our recommended activities for your trip to skye

Take advantage of the beautiful nature in Skye to boost endorphins and reduce stress, anxiety, and depression. Increase self-esteem, self-confidence, and creativity and go home feeling fully refreshed.

Things to do in Skye

There’s so Much to Explore…

Skye really is a world of adventure all of its own. From sea trips on glass-bottomed boats to whisky tasting at one of the island’s two distilleries, it’s a place rich with opportunity. If you’re coming with a family, then there are some exceptional things to do in Skye, from visiting the Fairy Pools in Glenbrittle to trying your hand at some archery in Portree.

Of course, there are shops, galleries and castles to visit as well. Why not pop into Skylight Staffin for some locally made gifts, or visit the imposing Dunvegan Castle before taking a walk to the coast? We’ve put together a list of some of our favourite things to do in Skye. It’s by no means exhaustive, but it represents some of the best opportunities to enjoy the kinds of outdoor adventures that Skye is famous for. Do contact companies and venues in advance, as some of these activities will require you to pre-book.


Wild Swimming

Nothing beats the profound effect on the body and soul of wild swimming.

That’s why this life-affirming activity is number one on our list of things to do in Skye. Opportunities abound across the island, with the beautiful black sand beach of Stenscholl being a great place to start.

Take in the breathtaking mountain views and even swim with a seal, if you’re lucky. Move inland if you’d like to swim in the Fairy Pools at Glenbrittle or lose yourself in the remote pools of Coire Lagan, nestling amongst the purple heather. Finish your restorative, endorphin-filled adventure with a dip in the Healing Pool at Loch Shianta.

TOP TIP: check the Isle of Skye Tide Table to keep track of the local tide times.


Hiking and Climbing

There’s a great climbing opportunity around every bend, but for a true climbing experience, head to the Cuillin ranges.

Separated by Glen Sligachan, Black Cuillin and Red Cuillin dominate the island, with the Black Cuillin alone being over 11 kilometers long and above 3000 feet in places. The granite ridge contains 11 Munros and 16 other summits, with the high point of Sgurr Alasdair a goal for many an experienced climber. Red Cuillin offer climbers a gentler slope and is popular with hill-walkers and climbers alike.

A less challenging walking experience can be had at Brothers Point, in the north-west of the island. Follow the dirt and gravel paths, and the views from the peninsula of Rubha nam Brathairean are truly inspiring.



Of all the many things to do in Skye, cycling is one that affords you a real sense of freedom and excitement.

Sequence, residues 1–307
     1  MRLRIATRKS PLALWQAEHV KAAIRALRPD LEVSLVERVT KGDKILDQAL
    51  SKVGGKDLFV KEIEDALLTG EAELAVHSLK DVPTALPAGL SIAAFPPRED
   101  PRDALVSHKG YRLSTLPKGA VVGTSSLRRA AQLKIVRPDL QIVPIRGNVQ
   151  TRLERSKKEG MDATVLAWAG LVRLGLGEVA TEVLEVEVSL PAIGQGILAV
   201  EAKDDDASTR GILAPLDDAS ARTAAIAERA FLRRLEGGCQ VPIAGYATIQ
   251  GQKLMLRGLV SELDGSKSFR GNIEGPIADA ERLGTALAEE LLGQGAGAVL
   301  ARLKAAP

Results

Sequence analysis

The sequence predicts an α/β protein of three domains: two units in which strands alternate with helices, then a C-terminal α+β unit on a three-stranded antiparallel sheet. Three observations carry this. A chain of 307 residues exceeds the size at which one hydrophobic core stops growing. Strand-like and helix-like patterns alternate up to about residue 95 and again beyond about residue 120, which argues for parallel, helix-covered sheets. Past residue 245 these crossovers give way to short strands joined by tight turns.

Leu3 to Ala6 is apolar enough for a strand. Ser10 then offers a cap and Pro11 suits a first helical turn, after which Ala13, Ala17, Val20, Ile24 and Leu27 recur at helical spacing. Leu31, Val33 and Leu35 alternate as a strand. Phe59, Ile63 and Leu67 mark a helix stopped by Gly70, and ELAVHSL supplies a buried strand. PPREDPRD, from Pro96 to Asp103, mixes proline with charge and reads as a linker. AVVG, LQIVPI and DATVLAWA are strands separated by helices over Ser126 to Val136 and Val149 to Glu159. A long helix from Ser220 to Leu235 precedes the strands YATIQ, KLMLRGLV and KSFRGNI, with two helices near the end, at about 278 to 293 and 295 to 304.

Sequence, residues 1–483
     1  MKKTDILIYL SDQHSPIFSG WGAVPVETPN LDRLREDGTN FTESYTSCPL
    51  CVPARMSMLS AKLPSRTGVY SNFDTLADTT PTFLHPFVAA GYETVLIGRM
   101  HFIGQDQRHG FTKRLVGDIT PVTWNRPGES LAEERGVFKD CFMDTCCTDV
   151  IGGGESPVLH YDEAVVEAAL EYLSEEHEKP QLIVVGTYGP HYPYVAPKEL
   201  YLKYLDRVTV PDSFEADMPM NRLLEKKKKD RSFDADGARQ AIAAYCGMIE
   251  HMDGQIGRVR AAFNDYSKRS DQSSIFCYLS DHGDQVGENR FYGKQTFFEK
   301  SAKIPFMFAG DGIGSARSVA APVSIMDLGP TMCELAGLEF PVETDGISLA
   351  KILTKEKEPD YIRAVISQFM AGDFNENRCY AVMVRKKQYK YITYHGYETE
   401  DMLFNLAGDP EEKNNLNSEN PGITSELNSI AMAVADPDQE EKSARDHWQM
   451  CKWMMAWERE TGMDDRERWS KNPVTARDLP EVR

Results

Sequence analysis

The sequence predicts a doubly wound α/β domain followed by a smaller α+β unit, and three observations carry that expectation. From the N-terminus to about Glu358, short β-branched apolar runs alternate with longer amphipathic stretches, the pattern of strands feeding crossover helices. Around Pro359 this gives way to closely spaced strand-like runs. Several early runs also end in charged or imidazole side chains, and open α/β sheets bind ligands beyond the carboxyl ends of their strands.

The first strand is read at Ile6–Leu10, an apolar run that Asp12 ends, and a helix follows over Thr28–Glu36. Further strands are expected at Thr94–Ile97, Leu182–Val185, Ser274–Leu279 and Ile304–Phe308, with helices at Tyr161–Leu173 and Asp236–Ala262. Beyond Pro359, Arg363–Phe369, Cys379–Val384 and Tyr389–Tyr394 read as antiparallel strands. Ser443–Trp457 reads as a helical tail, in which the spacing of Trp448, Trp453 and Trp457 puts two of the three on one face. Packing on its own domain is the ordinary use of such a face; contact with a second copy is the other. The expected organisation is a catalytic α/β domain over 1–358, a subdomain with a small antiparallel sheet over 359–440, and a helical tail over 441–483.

You’ll find a range of bike hire facilities in the main towns, if you haven’t brought one with you for your visit. Some road routes are relatively flat and picturesque whilst off-road routes can be more technical, taking you through some of Skye’s remotest landscapes. Some of our favorites include the route out and back to Waternish Point via Unish, which takes you along a well-maintained 4×4 track, and the short but enjoyable route to the old Coastguard Lookout above Rubha Hunish.

For a more challenging adventure, try the 20-mile off-road route to MacLeod’s Maidens from Orbost Farm.



With over 200 marine fish species found in the waters off the Hebrides, fishing is a popular pastime, tradition and industry on the island.

Cast your line at Staffin and you’re likely to catch dogfish, cod, dab and the occasional thornback ray. Move around the corner to the Pinnacles and you’ll find pollock and wrasse in abundance too. Over on the west coast near Talisker Bay, you’ll be able to catch flounder, plaice and bass. Perhaps the best option is to book a seat on one of the many boats that take visitors out to sea to fish on a daily basis in the tourist season.

The Portree Angling Association also allows fishing for salmon and trout in some of Skye’s lochs.



Playing a round of golf is one of the most popular things to do in Skye.

Ideally suited to the undulating and unpredictable terrain of the island, it’s a welcome opportunity to relax and admire the scenery at the same time. Where better to play a round of golf than with the Red Cuillin mountains ahead of you? The Isle of Skye Golf Club’s course also looks out seawards towards the Isle of Raasay, making the location hard to beat.

The nine-hole course is kept in excellent condition and the 18 tees offer variety at every visit. So does the wind, which can be a challenge, even on a relatively calm day. It’s open all year round, and welcomes golfers of all ages and abilities.